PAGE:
There are in fact two queues for arena tickets. One for season ticket holders and one for everyone else (ie: me and probably you too). The season ticket holders get to buy their tickets first and then *if* there is still more room, they start letting in everone else. But I've never heard of people not getting in . I'm sure they run out of room eventually- but I've never actually witnessed this.... In any case, my raffle ticket was No.68, my actual ticket was No. 467 and I remember reading somewhere that they have about 750 tickets up for grabs.
What I'm trying to say here is that you should make the effort to go if you happen to be in London at the begining of September. I'm sure every Brit knows about it but thinks it's too difficult or expensive to get into the Hall- which is fair enough considering it already costs £25 to go see the Last Night in Hyde Park, which isn't even the "real" thing. On the other hand, most foreigners who aren't in tune with the goings-on of the classical music world won't even know what the Proms are!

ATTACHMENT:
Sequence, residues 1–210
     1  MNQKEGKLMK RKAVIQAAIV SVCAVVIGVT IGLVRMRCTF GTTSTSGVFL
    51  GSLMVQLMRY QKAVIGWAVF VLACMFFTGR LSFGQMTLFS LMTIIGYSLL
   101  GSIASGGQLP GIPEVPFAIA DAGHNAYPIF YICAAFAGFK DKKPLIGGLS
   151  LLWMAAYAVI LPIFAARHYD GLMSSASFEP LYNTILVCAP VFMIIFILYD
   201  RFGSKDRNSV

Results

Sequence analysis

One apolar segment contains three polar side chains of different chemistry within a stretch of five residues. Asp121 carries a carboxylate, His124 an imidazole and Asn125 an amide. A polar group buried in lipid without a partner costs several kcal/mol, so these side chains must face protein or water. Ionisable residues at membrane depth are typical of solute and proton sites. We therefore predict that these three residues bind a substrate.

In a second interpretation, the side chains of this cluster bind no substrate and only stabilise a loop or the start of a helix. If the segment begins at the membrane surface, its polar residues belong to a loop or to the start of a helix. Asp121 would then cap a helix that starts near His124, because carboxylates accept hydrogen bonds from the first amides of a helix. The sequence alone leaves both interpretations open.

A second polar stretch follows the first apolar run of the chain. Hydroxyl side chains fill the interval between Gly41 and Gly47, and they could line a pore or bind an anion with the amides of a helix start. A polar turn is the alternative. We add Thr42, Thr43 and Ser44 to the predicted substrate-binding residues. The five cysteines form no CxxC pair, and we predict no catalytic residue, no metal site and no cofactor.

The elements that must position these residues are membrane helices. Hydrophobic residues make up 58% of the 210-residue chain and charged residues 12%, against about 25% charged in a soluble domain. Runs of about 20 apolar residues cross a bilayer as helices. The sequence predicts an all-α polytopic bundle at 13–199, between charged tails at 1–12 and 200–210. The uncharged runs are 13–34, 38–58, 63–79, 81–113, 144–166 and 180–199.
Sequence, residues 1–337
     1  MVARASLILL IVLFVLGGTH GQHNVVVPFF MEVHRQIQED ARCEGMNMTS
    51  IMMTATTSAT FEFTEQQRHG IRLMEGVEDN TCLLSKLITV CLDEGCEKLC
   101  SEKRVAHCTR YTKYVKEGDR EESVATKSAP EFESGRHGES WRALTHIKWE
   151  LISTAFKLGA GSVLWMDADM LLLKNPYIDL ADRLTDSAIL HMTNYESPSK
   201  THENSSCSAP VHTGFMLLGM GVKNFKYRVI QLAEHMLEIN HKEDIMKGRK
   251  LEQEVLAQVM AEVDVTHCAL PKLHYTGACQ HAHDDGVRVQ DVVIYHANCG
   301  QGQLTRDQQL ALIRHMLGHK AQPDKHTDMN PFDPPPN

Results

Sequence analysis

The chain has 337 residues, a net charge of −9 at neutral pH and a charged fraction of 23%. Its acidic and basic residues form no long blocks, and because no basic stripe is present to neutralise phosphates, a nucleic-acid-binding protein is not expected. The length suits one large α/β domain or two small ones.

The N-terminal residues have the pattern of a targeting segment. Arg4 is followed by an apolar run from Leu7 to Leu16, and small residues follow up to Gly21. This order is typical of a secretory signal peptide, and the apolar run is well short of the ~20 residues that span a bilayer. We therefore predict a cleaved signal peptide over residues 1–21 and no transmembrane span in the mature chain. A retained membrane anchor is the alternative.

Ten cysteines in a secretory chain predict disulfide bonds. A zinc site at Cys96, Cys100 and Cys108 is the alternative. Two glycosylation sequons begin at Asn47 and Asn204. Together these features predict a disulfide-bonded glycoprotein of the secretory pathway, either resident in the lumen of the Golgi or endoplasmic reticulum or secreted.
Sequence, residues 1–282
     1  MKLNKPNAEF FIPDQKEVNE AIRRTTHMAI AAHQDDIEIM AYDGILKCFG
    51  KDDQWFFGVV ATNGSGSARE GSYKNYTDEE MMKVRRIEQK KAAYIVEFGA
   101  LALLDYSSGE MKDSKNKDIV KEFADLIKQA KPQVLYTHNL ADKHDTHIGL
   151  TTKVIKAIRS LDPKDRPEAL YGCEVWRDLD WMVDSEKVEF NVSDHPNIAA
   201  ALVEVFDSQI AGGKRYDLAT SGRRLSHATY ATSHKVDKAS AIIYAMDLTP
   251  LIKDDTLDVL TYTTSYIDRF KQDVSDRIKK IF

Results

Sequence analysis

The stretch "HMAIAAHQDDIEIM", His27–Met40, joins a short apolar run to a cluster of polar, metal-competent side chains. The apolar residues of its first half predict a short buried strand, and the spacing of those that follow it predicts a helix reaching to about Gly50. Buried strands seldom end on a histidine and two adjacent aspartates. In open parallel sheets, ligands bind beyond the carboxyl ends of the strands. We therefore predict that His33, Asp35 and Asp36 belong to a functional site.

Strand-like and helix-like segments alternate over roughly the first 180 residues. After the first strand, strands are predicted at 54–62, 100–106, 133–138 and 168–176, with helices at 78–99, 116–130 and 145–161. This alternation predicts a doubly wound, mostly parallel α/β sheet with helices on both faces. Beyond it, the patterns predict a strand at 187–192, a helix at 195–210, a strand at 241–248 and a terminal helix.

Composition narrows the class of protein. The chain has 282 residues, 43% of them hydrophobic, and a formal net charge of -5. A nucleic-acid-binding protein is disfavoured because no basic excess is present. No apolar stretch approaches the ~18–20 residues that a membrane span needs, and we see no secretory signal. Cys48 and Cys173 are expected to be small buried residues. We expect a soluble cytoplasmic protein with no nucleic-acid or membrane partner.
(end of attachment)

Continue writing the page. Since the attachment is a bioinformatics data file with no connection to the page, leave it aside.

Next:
The Proms are the world's largest classical music festival, running from mid June to mid September every year, culminating in the famous Last Night which usually features some of the newest, best and/or most promising classical musicians in the world. And if I had access to Youtube I would now link you to videos of last year's proms, featuring the gorgeous and hilarious opera singer Anna Netrebko.
The Last Night of Proms might be the most patriotic event I've ever attended and even though I'm in no way British (in fact my American and French blood quite possibly makes me the opposite of British) you can't help but wave your union jack, learn the melody to "Jerusalem", sing along to "Rule, Britania!", stomp along to the sailor's song and shake hands with your neighbors during "Auld Lang Syne" at the close of the night. I'd say it's really something worth seeing at least once.